Accessible Learning

Alchemie’s interactive learning tools are designed as accessible-first to create a more inclusive learning experience for all users.

Each digital interactive is accompanied by a system called Kasi, which allows users to control the digital interactive with physical manipulatives that are recognized by Computer Visions (CV) and provide feedback using audio Augmented Reality (AR).

This project is grounded by the Universal Design for Learning (UDL) approach of eliminating systemic barriers to success by using multiple means for “engagement, representation, and action” in learning.

Small Business Innovative Research (SBIR) programs from the Department of Education’s Institute of Education Sciences (IES) and the National Institute on Disability, Independent Learning, and Rehabilitation Institute (NIDILRR) have supported the development and research of Kasi for students with blindness or low vision.

Designing Kasi has been guided by our pillars of creating accessible learning tools:

1. Accessibility first:

Rather than trying to add in an accessibility feature to a digital interactive as an after-thought, accessibility is at the forefront during the entire design process.

2. Focus on abilities:

Consider users having differing abilities, as opposed to “disabilities.” Cognition is enhanced through multiple representations, be it through sight, sound, or touch or a combination of senses.

3. Believe all students can be successful:

One of our favorite quotes is “impaired vision does not necessarily preclude our faculties to visualize.”* Once you embrace this quote you see that all students have the potential to succeed and our job as educators is to give them the tools necessary to make it possible.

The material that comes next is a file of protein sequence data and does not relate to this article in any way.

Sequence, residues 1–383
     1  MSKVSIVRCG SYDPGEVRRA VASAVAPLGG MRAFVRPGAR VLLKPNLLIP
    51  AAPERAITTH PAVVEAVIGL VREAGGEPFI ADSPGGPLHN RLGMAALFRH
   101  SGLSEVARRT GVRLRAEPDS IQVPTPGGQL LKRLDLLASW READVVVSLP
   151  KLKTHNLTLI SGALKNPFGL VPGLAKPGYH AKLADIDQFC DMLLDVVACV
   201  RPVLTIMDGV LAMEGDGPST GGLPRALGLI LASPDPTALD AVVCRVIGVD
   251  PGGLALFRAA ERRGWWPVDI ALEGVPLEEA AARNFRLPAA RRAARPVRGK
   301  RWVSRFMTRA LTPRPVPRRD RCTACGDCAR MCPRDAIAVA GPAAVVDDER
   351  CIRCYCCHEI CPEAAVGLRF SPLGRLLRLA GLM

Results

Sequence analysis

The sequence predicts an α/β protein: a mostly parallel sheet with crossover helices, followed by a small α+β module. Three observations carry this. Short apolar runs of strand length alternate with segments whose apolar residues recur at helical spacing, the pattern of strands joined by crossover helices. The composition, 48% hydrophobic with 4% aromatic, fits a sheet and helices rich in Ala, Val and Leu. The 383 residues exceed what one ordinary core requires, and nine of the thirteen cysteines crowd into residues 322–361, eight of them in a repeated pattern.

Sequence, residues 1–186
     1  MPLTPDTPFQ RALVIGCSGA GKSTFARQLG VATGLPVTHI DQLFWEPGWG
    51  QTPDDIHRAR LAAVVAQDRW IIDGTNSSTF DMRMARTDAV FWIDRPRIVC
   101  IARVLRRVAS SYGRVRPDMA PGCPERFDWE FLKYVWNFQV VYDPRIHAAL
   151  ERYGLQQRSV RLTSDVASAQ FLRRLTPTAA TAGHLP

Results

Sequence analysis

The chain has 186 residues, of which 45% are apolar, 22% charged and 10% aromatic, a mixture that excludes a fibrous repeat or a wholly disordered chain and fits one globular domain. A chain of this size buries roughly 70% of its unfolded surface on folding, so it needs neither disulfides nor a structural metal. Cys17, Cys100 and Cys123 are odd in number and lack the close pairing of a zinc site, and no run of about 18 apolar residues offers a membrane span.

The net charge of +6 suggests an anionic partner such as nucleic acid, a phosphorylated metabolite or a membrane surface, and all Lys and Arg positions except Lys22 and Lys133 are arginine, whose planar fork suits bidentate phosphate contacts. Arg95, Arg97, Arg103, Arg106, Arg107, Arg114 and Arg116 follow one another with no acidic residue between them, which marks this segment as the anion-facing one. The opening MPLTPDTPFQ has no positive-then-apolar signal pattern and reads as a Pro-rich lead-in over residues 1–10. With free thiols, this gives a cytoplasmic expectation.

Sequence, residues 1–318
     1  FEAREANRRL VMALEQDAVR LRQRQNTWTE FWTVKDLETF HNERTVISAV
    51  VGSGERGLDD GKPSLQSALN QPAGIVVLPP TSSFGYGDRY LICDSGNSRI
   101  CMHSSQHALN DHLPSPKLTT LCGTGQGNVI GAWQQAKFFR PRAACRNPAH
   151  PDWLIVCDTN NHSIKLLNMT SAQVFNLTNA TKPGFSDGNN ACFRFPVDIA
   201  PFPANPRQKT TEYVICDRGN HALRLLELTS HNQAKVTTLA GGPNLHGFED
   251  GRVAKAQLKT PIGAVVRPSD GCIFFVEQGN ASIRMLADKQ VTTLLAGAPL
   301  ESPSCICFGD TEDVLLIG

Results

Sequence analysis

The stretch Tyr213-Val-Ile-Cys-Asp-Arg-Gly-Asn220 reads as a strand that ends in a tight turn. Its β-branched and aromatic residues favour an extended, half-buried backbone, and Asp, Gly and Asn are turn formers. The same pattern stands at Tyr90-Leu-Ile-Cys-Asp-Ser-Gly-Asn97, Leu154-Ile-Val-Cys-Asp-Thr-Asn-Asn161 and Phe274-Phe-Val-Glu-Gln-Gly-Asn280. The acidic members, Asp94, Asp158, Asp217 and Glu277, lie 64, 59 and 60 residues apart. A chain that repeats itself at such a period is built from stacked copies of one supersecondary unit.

4. Think Inclusivity:

Embrace the quote above a little bit more. You can shift your mindset from making “special tools” for “special education” to making tools that are inclusive and truly allow for equal treatment of all students.

5. Be inclusive during the design process:

You can’t close your eyes, pretend to be blind and think you’ll make a truly accessible product. Bring in differently abled users early on to test the product as it is being created and refine iteratively with additional feedback.

* Figueiras, L.; Arcavi, A. Learning to See: The Viewpoint of the Blind. In Selected Regular Lectures from the 12th International Congress on Mathematical Education; Cho, S. J., Ed.; 2015; 175–186.

If you are interested in participating or staying informed about our research of Kasi, sign up here!

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